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Making Java Objects Queryable by Infinispan Remote Clients

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Making Java Objects Queryable by Infinispan Remote Clients

Here's how to make Java objects queryable by remote clients using Infinispan's Protostream technology

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The following is a common question amongst Infinispan community users, "how do I make my Java objects queryable by remote clients?" In this post, we take a look at how to do just that!

Annotation Method

The simplest way is to take advantage of Infinispan Protostream annotations is to mark your objects queryable and decide how each object field should be indexed. Here is an example:

import org.infinispan.protostream.annotations.ProtoDoc;
import org.infinispan.protostream.annotations.ProtoField;

public class Pokemon {

   @ProtoField(number = 10)
   String name;

   @ProtoField(number = 20)
   String type1;


Then, the ProtoSchemaBuilder can inspect the annotated class and derive a Google Protocol Buffers schema file from it. Here is an example:

RemoteCacheManager remote = …
SerializationContext serialCtx =

ProtoSchemaBuilder protoSchemaBuilder = new ProtoSchemaBuilder();
String protoFile = protoSchemaBuilder

Finally, the schema file needs to be registered in the “___protobuf_metadata” cache:

RemoteCache<String, String> metadataCache =

metadataCache.put(fileName, protoFile);

String filesWithErrors = metadataCache.get(ERRORS_KEY_SUFFIX);
if (filesWithErrors != null)
   throw new AssertionError("Error in proto file(s): " + filesWithErrors);
   System.out.println("Added schema file: " + fileName);

Although this is by far the easiest way to make your Java objects queryable, this method might not always be viable. For example, you might not be able to modify the Java object classes to add the annotations. For such use cases, a more verbose method is available that does not require modifying the source code of the Java object.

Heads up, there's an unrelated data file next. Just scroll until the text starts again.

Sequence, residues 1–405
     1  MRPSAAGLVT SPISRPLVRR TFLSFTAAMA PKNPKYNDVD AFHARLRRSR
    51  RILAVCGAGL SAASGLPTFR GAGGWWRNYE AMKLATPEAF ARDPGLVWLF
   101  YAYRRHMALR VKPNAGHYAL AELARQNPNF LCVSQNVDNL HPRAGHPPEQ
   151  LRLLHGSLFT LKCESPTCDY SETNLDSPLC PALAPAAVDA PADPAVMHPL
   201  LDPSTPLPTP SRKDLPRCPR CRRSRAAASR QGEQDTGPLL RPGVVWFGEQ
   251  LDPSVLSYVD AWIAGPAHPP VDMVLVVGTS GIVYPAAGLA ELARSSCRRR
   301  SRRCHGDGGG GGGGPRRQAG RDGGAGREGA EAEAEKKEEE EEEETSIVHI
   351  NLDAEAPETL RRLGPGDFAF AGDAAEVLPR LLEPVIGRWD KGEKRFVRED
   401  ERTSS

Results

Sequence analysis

Plain Object Method

For example, given this Java object:

public class CryptoCurrency {

   public final String description;

   public final Integer rank;

view raw

A Protocol Buffers schema must be defined where comments are used to define the object as queryable and decide how each field is indexed:

package crypto;

 * @Indexed
message CryptoCurrency {

     * @Field
    required string description = 10;

     * @Field
    required uint32 rank = 20;


This method also requires a Protostream message marshaller to be defined . This specifies how each field is serialized/deserialized:

import org.infinispan.protostream.MessageMarshaller;

public class CryptoCurrencyMarshaller implements MessageMarshaller<CryptoCurrency> {

   public CryptoCurrency readFrom(ProtoStreamReader reader) throws IOException {
      String description = reader.readString("description");
      Integer rank = reader.readInt("rank");
      return new CryptoCurrency(description, rank);

   public void writeTo(ProtoStreamWriter writer, CryptoCurrency obj) throws IOException {
      writer.writeString("description", obj.description);
      writer.writeInt("rank", obj.rank);


This method still requires the Protocol Buffers schema to be registered remotely, but, on top of that, the schema and marshaller need to be registered in the client:

SerializationContext serialCtx = ...

String protoFile = read(CryptoCurrency.class.getResourceAsStream("/crypto.proto"));
metadataCache.put("crypto.proto", protoFile);

serialCtx.registerMarshaller(new CryptoCurrencyMarshaller());

Clearly, this second method is a lot more verbose and laborious when refactoring. If any changes are made to the Java object, the marshaller and Protocol Buffer schema need to be changed accordingly. However, this is done automatically in the first method.

Both methods are demonstrated in full in the queryable-pojos demo.

java ,tutorial ,objects ,remote clients ,infinispan

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